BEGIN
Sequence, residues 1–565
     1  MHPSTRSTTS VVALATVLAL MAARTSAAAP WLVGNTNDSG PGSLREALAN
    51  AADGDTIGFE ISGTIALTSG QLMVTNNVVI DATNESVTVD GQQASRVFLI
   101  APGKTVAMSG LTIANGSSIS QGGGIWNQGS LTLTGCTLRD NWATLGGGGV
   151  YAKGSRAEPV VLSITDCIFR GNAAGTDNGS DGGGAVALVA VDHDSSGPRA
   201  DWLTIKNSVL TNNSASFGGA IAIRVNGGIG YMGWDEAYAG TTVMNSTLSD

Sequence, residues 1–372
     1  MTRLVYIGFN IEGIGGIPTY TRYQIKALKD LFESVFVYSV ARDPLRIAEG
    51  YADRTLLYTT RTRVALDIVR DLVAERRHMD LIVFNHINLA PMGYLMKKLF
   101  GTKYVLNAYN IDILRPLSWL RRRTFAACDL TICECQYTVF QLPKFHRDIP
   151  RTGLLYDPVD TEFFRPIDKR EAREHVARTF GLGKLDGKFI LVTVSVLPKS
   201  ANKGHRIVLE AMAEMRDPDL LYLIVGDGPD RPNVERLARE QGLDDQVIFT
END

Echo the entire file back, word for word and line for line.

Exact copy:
Sequence, residues 1–565
     1  MHPSTRSTTS VVALATVLAL MAARTSAAAP WLVGNTNDSG PGSLREALAN
    51  AADGDTIGFE ISGTIALTSG QLMVTNNVVI DATNESVTVD GQQASRVFLI
   101  APGKTVAMSG LTIANGSSIS QGGGIWNQGS LTLTGCTLRD NWATLGGGGV
   151  YAKGSRAEPV VLSITDCIFR GNAAGTDNGS DGGGAVALVA VDHDSSGPRA
   201  DWLTIKNSVL TNNSASFGGA IAIRVNGGIG YMGWDEAYAG TTVMNSTLSD

Sequence, residues 1–372
     1  MTRLVYIGFN IEGIGGIPTY TRYQIKALKD LFESVFVYSV ARDPLRIAEG
    51  YADRTLLYTT RTRVALDIVR DLVAERRHMD LIVFNHINLA PMGYLMKKLF
   101  GTKYVLNAYN IDILRPLSWL RRRTFAACDL TICECQYTVF QLPKFHRDIP
   151  RTGLLYDPVD TEFFRPIDKR EAREHVARTF GLGKLDGKFI LVTVSVLPKS
   201  ANKGHRIVLE AMAEMRDPDL LYLIVGDGPD RPNVERLARE QGLDDQVIFT